Art

The Best of Frieze New York 2019

Sara Anastasia Roffino

web Samou Oumar_2019, pen on paper board, 40 x 32 in
Sanou Oumar, 2019

Frieze New York kicked off yesterday, once again bringing hundreds of galleries, thousands of visitors and billions of dollars worth of art to Randall’s Island. Open through May 5, it’s a worthy trip to make. There are the requisite Instagram hits like Red Grooms’s life-size MTA bus on view at Marlborough Gallery and the spread of Yayoi Kusama’s Narcissus Garden at Victoria Miro, as well as an abundance of quieter works that offer the opportunity for discovery. Herein, we’ve selected a few favorites.

Sanou Oumar at Gordon Robichaux
The young Burkina Faso-born artist’s pen-on-paper works have something of the sacred in their geometric form, bringing to mind the practice of late San Francisco artist and filmmaker Jordan Belson, whose abstract paintings are now on view for the first time ever at Matthew Marks gallery. But Oumar’s highly-focused draughtsmanship is also a deeply personal practice that mines the complexities of his life and current status as an asylum seeker in the United States.

Gala Porras-Kim’s 11 Mesoamerican Multiple Perspectives, 2019

Gala Porras-Kim at Commonwealth and Council
Filling the entire booth of LA gallery Commonwealth and Council is a presentation of paintings and three sculptural works from Porras-Kim’s Index series, for which the artist works in museum storage spaces to document historical artifacts before rendering them on canvas according to their formal qualities, regardless of their cultural or geographical provenance. More work by Porras-Kim will be on view later this month at the Whitney Biennial.

Eleanore Mikus at Craig F. Starr Gallery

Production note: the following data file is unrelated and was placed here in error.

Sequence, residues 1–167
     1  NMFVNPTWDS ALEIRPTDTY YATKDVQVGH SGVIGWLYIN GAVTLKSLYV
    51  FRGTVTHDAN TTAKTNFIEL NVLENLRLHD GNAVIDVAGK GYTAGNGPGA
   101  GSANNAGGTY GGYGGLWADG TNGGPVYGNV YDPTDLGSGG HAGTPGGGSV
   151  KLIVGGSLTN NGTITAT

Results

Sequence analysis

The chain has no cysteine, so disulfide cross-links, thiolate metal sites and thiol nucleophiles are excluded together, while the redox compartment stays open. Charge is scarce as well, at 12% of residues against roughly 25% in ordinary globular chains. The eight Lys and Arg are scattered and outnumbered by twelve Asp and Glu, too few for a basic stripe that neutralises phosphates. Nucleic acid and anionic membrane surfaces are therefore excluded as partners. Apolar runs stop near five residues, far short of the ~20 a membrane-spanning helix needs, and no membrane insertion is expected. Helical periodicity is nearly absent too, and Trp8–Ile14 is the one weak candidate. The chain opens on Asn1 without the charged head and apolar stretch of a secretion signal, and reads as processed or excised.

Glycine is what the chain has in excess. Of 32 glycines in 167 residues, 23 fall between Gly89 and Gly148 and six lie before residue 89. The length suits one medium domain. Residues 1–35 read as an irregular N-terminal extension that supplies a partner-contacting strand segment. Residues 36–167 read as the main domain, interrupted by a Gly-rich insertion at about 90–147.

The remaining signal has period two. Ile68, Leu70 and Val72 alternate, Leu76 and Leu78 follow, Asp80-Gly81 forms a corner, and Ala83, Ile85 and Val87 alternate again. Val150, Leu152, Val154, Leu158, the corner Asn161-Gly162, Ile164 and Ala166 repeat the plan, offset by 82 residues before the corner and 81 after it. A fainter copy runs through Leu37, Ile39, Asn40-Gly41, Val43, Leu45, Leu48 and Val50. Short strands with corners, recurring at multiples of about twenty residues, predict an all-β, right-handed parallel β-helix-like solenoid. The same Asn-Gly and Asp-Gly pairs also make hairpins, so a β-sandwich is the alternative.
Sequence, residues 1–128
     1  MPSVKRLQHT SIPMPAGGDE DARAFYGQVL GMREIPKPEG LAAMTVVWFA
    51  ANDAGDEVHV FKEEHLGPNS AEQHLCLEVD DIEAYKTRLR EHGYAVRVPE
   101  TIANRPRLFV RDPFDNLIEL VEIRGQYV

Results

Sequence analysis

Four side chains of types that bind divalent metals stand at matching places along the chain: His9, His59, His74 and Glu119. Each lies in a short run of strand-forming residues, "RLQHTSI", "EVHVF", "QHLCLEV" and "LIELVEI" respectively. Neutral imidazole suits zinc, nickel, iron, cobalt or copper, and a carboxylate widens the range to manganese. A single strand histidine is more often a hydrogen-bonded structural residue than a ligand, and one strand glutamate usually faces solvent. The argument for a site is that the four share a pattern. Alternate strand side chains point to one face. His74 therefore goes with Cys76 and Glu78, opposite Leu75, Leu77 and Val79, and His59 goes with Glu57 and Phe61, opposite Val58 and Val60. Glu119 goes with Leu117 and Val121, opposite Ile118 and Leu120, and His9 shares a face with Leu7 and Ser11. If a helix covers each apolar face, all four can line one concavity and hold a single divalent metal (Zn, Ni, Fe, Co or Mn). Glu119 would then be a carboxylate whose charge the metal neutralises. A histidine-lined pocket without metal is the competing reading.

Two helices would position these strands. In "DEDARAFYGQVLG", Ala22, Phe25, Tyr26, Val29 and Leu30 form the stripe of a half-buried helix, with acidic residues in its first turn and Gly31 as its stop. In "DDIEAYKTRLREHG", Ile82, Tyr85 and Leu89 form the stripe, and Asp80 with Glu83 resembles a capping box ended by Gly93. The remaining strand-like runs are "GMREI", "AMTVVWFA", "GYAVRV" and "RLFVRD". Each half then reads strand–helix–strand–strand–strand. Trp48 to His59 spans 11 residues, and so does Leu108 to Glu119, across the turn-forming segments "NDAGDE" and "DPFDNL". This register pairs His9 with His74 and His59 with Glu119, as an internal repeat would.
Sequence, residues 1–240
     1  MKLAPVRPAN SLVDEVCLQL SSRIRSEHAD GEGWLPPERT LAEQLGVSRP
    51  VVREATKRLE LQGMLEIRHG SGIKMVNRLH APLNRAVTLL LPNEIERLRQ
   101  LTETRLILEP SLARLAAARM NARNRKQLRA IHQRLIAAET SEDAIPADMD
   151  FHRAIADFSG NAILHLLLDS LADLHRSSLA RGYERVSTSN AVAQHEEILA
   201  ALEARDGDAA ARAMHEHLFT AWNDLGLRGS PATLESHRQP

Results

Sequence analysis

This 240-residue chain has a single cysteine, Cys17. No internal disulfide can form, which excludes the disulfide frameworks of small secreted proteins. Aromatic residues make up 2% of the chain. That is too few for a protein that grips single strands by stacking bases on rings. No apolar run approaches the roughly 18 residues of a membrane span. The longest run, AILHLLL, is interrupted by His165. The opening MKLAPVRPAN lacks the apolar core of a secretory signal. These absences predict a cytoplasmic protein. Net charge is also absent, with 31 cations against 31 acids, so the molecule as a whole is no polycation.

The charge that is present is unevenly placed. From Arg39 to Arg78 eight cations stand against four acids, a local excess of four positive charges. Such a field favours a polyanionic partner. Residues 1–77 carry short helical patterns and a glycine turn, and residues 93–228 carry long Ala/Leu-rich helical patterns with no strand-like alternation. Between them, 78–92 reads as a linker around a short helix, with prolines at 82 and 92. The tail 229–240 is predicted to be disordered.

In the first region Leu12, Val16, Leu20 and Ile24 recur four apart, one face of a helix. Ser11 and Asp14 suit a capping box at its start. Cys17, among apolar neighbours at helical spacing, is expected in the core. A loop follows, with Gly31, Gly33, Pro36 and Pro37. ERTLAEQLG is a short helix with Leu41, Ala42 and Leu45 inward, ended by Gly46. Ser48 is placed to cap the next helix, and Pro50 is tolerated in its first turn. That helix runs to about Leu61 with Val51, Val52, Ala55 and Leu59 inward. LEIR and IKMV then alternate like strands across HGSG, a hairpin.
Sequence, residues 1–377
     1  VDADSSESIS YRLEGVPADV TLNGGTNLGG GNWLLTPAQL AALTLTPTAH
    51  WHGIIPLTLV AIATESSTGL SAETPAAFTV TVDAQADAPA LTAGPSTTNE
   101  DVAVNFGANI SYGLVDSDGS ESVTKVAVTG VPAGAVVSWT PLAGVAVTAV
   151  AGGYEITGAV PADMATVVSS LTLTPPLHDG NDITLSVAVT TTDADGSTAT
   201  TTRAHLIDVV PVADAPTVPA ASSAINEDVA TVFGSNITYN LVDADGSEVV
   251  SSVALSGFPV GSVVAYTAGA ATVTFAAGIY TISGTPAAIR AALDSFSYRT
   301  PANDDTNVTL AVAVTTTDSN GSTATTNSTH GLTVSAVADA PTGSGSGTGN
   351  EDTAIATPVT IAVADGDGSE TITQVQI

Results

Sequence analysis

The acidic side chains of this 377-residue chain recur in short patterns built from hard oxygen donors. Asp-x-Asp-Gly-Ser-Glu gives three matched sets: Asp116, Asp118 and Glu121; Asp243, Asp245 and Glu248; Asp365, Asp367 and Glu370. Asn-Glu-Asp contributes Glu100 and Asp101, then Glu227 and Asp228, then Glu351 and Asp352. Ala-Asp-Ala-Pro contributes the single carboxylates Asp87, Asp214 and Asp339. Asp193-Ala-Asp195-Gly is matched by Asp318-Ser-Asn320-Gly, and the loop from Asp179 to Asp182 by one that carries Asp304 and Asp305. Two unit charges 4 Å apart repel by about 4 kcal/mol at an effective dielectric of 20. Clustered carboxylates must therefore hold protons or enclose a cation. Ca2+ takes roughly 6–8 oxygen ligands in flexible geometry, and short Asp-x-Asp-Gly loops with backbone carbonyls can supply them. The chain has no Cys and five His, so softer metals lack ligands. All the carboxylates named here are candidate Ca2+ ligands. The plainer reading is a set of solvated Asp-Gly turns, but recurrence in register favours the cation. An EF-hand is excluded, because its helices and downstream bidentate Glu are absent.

The uptown dealer brings to light another chapter in the too-often-told tale of an artist whose merits were somehow not quite able to emerge from the shadow of their gender during the lifetime with a presentation of subtly luminous works by the late minimalist Eleanore Mikus. The process-intensive pieces, which abide by the 20th-century ethos of material sparsity, garnered her friendship and recognition from friends including Ad Reinhardt and Luis Camnitzer, but it seems Mikus’s moment is still to come.

Simone Fattal’s Gilgamesh Looking For Immortality, 2004

Simone Fattal at Balice Hertling
New York is very lucky to host Fattal’s current retrospective on view at MoMA PS1 through the summer, and Parisian gallery Balice Hertling is wise to bring her two collages and one painting to Frieze, installed alongside recent sculptures by Kayode Ojo. Fattal’s multimedia practice reaches from film and sculpture to her founding of the Post-Apollo Press publishing imprint, which brought to life experimental works by such figures as Marguerite Duras and Etel Adnan, her lifelong partner.

Ilse D’Hollander at Sean Kelly
The overstimulation of the Frieze tent was immediately eclipsed when I saw this small painting by Ilse D’Hollander tucked in the booth of Sean Kelly, who represents the late Belgian artist’s estate. Exuding a quiet sense of fragility, the light blueish abstraction is typical of D’Hollander’s output, which was often inspired by her time in the Flemish countryside.